Property insurance policies can include the term collapse as both an insured peril and as an exclusion. The definition of collapse in insurance policies varies, and accordingly, an insurer may deny coverage. When a policy defines collapse, that definition controls. If the term is left undefined, the meaning is derived from the context in which it is used in the policy. Depending on the context, courts may require a great deal of damage before collapse coverage will be triggered.
Recently, in Tustin Field Gas Food, Inc. v. Mid-Century Ins. Co., (2017) 17 C.D.O.S, the California Court of Appeal ruled that the impairment of an underground storage tank’s structural integrity was not a covered “collapse” under the policy as a matter of law.
In Tustin, a storage tank was improperly installed causing the external shell of the tank to split open, while the internal lining remained intact. The insured submitted a claim but was denied coverage. The policy generally excluded losses caused by collapse, but it provided for “Additional Coverage for Collapse” to losses caused by defective methods used during construction; this subsection only specified that collapse did not include settling, shrinkage, bulging or expansion. In the ensuing suit, the insured argued that because the tank was not usable until it was repaired under state law, it constituted a collapse. Even though collapse was not defined in the policy, the trial court declined to adopt the insured’s construction of the term and the insured was denied coverage. The Court of Appeal reaffirmed its judgment.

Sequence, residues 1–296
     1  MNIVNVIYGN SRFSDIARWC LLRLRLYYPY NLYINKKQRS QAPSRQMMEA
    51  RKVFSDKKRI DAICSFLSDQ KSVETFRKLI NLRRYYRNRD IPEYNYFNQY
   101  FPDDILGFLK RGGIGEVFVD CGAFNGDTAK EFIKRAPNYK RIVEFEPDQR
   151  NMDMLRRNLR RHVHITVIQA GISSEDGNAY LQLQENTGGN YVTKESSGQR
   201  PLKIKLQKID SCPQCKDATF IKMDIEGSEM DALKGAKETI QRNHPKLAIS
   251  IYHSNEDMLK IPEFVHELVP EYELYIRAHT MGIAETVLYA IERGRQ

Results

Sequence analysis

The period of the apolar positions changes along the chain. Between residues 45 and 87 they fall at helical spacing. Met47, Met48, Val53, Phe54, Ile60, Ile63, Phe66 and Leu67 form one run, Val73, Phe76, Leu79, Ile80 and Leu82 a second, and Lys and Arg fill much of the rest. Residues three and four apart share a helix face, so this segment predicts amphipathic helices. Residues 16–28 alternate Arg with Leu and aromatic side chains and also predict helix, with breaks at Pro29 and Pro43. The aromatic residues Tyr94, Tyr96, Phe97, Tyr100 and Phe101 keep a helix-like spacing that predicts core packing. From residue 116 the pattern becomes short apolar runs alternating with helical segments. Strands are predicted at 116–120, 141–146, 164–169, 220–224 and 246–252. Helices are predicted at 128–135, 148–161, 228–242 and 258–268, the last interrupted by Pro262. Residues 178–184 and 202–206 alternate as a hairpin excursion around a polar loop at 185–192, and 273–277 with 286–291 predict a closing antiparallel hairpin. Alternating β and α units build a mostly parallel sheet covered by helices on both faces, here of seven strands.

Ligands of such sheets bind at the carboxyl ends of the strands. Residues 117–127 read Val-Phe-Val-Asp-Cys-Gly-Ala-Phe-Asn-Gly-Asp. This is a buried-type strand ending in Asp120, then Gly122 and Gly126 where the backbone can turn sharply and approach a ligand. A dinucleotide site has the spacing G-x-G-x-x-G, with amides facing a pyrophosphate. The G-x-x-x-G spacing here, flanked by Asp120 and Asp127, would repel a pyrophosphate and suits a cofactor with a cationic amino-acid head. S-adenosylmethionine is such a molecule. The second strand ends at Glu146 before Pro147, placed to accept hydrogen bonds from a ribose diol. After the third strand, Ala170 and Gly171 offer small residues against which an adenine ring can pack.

First, the Court rejected the insured’s argument that if a structure (tank) is not usable, it has collapsed.
Second, the Court rejected the argument that because collapse is undefined, it is ambiguous and should be construed in favor of the insured. The Court reasoned that the insurance policy expressly provided that collapse does not include settling, cracking, shrinkage, bulging or expansion, and thus the context in which the term was used clearly required a showing of something more to constitute a collapse.
Third, the Court rejected the argument that California law defines collapse as a “substantial impairment of structural integrity,” at least where a policy excludes “settling” and the like. When a policy excludes from coverage “settling,” “cracking,” “shrinkage,” or “expansion,” the policy will not cover a collapse based solely on a “substantial impairment of structural integrity.” Because the policy excluded “settling” and the like, such impairment did not constitute a “collapse” as a matter of law.